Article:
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Maldives parliament rubber-stamps govt move to restrict protests

Mohamed Visham
17 August 2016, MVT 14:38
Police officers block a protest by journalists near the parliament building on August 1, 2016. MIHAARU PHOTO/HUSSAIN SHAYAAH
Mohamed Visham
17 August 2016, MVT 14:38

The government controlled parliament rubber stamped Wednesday a law to severely severely restrict protests in the capital Male in another move to crackdown on dissent in the archipelago.

During Wednesday sitting, the controversial amendment was passed with 37 lawmakers voting in favour out of the 65 present.

The parliamentary national security committee also with overwhelming government majority tasked with vetting the controversial amendment, passed it without any revisions the day before.

According to the amendment submitted by ruling party lawmaker Abdulla Rifau, protests and marches of any kind without prior notice can only be held in places designated by the home ministry.

Home ministry is obligated to publicize a list of places within 30 days of the law coming into effect.

The amendment argues that street marches and protests prove a nuisance to the residents of the congested capital.

Opposition lawmakers during the parliamentary debate on Monday accused the government of using the police to crackdown on dissenters.

The amendment is further proof of the autocracy in the Maldives, main opposition Maldivian Democratic Party (MDP) lawmakers said.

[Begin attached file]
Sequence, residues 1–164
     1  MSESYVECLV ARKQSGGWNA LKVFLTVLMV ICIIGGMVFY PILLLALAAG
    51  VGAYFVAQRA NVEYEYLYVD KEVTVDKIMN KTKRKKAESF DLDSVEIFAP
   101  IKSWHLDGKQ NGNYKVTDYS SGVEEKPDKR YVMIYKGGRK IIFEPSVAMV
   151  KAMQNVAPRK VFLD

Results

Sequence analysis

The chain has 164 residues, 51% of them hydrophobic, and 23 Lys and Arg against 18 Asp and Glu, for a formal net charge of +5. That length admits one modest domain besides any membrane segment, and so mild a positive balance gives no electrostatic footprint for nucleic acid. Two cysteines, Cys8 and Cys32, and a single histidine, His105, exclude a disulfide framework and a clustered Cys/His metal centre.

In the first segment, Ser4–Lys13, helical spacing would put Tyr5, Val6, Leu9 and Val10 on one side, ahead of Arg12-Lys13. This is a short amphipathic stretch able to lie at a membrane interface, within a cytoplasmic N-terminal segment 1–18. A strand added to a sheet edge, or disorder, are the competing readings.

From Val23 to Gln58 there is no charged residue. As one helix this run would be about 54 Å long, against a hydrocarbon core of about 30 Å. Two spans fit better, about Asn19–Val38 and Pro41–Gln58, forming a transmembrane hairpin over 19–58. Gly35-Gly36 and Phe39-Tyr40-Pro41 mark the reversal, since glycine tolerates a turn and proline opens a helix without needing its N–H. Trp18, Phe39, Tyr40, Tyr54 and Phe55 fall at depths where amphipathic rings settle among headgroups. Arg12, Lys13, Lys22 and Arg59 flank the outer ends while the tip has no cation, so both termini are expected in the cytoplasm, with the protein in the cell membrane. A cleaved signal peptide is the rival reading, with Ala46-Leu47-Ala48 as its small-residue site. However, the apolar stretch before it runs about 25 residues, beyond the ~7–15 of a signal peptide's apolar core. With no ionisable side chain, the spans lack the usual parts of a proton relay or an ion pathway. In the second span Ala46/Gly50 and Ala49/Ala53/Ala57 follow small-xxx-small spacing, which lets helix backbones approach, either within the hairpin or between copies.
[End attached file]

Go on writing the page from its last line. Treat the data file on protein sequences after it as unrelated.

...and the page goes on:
In response, pro-government lawmakers argued that the amendment was not designed to restrict the right to peaceful assembly as enshrined in the constitution.

A ban on street protests in the capital Male has been in force since a police crackdown on a three-day protest staged by MDP last November.

The police have since blocked the opposition’s anti-corruption walks as well as marches by the media and civil society.

The amendment is the latest move by the government to exploit its control in the parliament to crackdown on dissent.

Opposition lawmakers during the parliamentary debate on Monday accused the government of using the police to crackdown on dissenters.

The amendment is further proof of the autocracy in the Maldives, main opposition Maldivian Democratic Party (MDP) lawmakers said.

In response, pro-government lawmakers argued that the amendment was not designed to restrict the right to peaceful assembly as enshrined in the constitution.

A ban on street protests in the capital Male has been in force since a police crackdown on a three-day protest staged by MDP last November.

The police have since blocked the opposition’s anti-corruption walks as well as marches by the media and civil society.

The amendment is the latest move by the government to exploit its control in the parliament to crackdown on dissent.

Meanwhile, the Parliament last week passed the contentious defamation bill to deliver a major blow to media and free speech in the Maldives.

Despite heavy international criticism, president Abdulla Yameen Abdul Gayoom had a day later signed the bill into law.

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